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While it is mandatory on the part of the administration to provide free education to juvenile under trials, the authorities were callously ignoring even this obligation. Medical facilities were also absent.

The rules require medical examination of inmates in two to three days of their admission. This rule was being followed more in breach than in observance. Resident doctors, even where appointed were hardly present in the home when required. The security was also very lax. No wonder, 72 out of 105 inmates escaped from this home in November 1995 after tying up the two caretakers.

The caretakers were found to be in the habit of becoming friendly with the young offenders permitting them to hide liquor bottles and organise drinking sessions quite frequently. The idea is not to turn Observation Homes into jails but reformation is surely needed if homes like this are to be properly used in handling juveniles under trial (The Hindustan Times, December 1995).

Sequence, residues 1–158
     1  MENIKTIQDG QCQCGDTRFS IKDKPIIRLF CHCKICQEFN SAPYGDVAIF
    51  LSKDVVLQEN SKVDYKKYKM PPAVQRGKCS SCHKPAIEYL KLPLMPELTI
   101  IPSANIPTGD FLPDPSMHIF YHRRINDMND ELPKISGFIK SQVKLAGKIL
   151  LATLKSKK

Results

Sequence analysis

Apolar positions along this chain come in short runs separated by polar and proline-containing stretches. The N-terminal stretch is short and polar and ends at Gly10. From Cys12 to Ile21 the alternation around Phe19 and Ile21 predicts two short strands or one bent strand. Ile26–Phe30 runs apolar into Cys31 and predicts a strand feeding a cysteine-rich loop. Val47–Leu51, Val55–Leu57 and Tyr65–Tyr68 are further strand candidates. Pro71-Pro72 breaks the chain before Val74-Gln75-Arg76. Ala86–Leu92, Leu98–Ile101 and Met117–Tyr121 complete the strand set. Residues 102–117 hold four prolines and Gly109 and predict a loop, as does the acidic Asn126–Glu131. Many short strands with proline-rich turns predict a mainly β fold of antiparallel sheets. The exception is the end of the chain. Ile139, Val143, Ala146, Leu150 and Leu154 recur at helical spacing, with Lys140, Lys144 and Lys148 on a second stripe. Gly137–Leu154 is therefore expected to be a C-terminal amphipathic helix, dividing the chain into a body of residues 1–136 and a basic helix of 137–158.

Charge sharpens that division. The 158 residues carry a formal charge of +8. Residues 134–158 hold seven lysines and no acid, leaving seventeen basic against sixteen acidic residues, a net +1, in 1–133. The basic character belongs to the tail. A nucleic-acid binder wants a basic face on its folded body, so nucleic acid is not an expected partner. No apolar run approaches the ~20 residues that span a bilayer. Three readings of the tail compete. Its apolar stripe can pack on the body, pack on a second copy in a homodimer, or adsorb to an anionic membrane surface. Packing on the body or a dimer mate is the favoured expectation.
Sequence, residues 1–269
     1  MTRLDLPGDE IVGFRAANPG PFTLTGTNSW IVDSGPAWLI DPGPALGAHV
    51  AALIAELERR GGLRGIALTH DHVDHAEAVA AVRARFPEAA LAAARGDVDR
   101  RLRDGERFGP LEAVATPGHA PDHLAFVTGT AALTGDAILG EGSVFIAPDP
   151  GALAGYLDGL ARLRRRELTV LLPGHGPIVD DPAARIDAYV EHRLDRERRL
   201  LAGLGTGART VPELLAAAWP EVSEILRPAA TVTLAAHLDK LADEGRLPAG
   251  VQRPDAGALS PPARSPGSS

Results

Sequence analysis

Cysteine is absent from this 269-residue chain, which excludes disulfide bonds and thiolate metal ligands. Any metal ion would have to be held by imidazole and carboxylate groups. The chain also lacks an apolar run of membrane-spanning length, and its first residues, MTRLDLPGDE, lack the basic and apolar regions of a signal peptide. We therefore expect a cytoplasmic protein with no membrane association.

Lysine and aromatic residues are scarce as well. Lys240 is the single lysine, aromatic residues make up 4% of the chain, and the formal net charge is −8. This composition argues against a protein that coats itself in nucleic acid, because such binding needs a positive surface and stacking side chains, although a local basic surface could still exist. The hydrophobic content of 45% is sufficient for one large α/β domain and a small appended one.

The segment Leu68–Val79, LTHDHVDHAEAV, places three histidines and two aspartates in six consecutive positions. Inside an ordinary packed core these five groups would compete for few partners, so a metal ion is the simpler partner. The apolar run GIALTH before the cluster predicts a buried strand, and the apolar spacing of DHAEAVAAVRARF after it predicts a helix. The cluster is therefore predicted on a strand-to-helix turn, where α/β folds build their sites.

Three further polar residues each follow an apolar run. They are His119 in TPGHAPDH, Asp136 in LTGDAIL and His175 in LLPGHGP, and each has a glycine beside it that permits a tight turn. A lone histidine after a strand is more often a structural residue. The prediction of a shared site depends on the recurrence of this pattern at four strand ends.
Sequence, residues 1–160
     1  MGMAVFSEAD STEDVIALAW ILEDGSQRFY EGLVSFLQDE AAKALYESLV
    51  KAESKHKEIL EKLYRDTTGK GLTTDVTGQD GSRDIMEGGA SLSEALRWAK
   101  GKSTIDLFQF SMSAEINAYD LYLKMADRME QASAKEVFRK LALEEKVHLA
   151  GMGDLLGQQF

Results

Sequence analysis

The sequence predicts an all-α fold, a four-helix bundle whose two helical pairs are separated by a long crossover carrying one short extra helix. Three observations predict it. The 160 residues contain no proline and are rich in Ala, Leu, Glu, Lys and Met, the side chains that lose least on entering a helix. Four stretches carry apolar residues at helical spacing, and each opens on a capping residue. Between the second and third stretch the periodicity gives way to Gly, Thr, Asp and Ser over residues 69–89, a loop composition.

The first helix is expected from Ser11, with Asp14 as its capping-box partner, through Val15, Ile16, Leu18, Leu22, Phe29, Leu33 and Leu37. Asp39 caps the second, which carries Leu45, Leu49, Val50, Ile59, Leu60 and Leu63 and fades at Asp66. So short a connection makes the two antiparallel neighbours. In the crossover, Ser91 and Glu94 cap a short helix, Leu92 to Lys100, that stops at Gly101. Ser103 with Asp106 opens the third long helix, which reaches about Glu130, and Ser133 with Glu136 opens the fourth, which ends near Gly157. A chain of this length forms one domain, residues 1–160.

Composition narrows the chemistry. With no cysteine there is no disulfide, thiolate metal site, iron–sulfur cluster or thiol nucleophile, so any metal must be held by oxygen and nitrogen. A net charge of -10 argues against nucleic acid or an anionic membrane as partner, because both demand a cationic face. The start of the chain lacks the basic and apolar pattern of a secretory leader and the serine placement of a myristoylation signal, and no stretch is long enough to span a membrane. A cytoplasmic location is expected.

Official response to such charges is dismissive. Staff members generally aver that “after all, these kids belong to the streets and it takes time to mend their ways. The allegations of maltreatment and sexual abuse of juveniles in these homes are unfounded. The media blow up only the stray negative cases.”

However, it is a fact that exposure of conditions in these homes in the press forces the authorities to do some self-examining. The Umerkhadi Remand Home in Mumbai is one such example. After the escape of inmates from this home was reported in July 1992-because of the intolerable conditions created by an apathetic staff-the home has been trying to bring about improvement in it’s functioning.